Ten years ago, free-wheeling mortgage lenders signed hopeful homeowners to loans they could never afford. We all know how that ended: a sea of realty yard signs.
In the past few years, predatory commercial lenders have begun following the predatory mortgage lenders’ example by offering high-interest and inappropriate loans to those businesses hoping to stay open “just a few more months.” Typically, these are short term merchant advances with high interest rates and terms in the six-month range.
The predatory business loan (a.k.a. “easy online business loan”) offered by most alternative lenders doesn’t fit a business’s unique needs and opportunities. It’s often just a short-term, high-priced cash advance that ensnares too many hard-working business owners. Worse, many “lenders” and brokers sell multiple loans to one customer, a practice called “stacking.” The focus is not the health or success of the client, rather selling debt.
Restauranteur Wrangles with Predatory Business Lender
Restaurants are particularly vulnerable to seasonal cash flow fluctuations.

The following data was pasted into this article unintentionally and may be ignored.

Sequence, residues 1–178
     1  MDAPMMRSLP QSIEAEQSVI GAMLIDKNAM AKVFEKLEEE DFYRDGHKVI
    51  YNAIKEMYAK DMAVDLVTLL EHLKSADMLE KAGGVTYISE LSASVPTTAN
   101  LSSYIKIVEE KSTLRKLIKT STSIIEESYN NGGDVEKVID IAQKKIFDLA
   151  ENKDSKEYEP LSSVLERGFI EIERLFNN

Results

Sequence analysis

After ten years running his successful Peruvian bistro, Los Balcones, owner Jorge Rodriquez Assereto decided in 2014 to expand.
He spent two years and $130,000 to rent the space next door until he finally got the money to buy it. He then spent tens of thousands more to hire a hip local design firm to redecorate. He put two of his most experienced bartenders on a plane to Peru to devise a new and unique cocktail menu.
When it came time to stock the bar, Assereto found he was out of funds. He needed another $30,000 to put this last finishing touch on his dream.
The restauranteur quickly discovered that traditional banks were done lending to him and while, yes, he could get the money from an alternative lender, he’d be paying at an annual rate of 60%. He signed and managed to pay it off at the six-month term period, but the compounding interest was an incredible strain.
Assereto is not alone in risking everything to stay in business. Predatory lending cases targeting business owners (and prosecuted by attorneys general) are on the rise.[/fusion_builder_column]